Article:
Translating nature

I’m currently grappling with an article I’d like to finish off. It compares the accounts of nature in Merleau-Ponty and Derrida. I’m arguing that Derrida tacitly relies upon some Merleau-Pontyian theses, and ends up proposing a similar kind of interleaved and articulated description of the being of nature to that of his predecessor. M-P’s interest in the philosophy of nature is now well known, but the connections have yet to be well recognised in Derrida’s thought, despite a rash of hasty interpretations 10-15 years ago.

Questions about nature, physis, are clearly caught up, for both of these philosophers, in their attempts to develop something new in relation to the philosophical tradition. It’s a matter of inheriting the tradition, idealism and phenomenology. Ultimately the phenomenon for both is life, le vivant. A life always productive of meaning, expressive. A life to which we respond.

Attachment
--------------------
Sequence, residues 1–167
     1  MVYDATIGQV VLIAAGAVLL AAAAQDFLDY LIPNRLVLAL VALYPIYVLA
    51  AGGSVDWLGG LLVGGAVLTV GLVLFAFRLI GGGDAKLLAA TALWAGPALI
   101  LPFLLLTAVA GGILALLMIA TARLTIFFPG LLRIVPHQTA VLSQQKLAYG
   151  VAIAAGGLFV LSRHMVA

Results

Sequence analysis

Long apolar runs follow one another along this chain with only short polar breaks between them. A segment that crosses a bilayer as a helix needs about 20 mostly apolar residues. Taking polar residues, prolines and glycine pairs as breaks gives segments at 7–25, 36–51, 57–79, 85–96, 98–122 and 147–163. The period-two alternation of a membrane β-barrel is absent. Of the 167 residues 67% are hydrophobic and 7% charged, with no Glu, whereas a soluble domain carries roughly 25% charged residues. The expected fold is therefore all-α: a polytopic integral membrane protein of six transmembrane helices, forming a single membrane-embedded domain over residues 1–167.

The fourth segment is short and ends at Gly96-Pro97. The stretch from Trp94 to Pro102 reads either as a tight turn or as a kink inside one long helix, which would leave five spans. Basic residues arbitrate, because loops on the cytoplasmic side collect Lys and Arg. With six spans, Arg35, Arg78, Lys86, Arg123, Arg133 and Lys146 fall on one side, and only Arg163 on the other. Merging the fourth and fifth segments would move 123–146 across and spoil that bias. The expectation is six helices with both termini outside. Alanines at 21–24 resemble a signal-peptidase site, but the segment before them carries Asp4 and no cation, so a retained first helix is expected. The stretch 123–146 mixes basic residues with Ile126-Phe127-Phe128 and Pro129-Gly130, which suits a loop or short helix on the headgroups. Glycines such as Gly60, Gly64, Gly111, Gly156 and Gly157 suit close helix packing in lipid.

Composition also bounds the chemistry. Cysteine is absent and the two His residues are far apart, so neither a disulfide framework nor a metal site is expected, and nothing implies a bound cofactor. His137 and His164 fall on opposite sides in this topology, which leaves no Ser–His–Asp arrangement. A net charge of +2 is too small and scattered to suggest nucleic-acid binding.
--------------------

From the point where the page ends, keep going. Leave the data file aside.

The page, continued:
One of the tasks I think is important here is the effort to translate between these two, Merleau-Ponty and Derrida. A proximity, and yet significant differences. It seems to me that this effort can have a clarifying effect for both authors. To make them speak to each other – and they almost never spoke – is also to make them speak beyond the confines of specialisations and autobiographical narrowness.

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